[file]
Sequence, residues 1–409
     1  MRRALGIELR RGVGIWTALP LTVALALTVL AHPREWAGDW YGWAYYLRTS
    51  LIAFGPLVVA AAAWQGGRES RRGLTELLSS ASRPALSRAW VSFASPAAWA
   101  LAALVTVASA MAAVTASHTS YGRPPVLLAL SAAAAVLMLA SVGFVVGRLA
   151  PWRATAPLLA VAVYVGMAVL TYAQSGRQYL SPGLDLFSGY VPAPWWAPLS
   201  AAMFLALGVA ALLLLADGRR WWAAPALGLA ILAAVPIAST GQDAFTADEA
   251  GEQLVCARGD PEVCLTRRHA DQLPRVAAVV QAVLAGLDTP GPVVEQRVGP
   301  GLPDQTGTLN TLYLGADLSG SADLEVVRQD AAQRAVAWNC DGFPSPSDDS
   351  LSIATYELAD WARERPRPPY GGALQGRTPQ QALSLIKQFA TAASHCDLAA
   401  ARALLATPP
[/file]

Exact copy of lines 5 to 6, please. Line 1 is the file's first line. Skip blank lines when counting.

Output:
   151  PWRATAPLLA VAVYVGMAVL TYAQSGRQYL SPGLDLFSGY VPAPWWAPLS
   201  AAMFLALGVA ALLLLADGRR WWAAPALGLA ILAAVPIAST GQDAFTADEA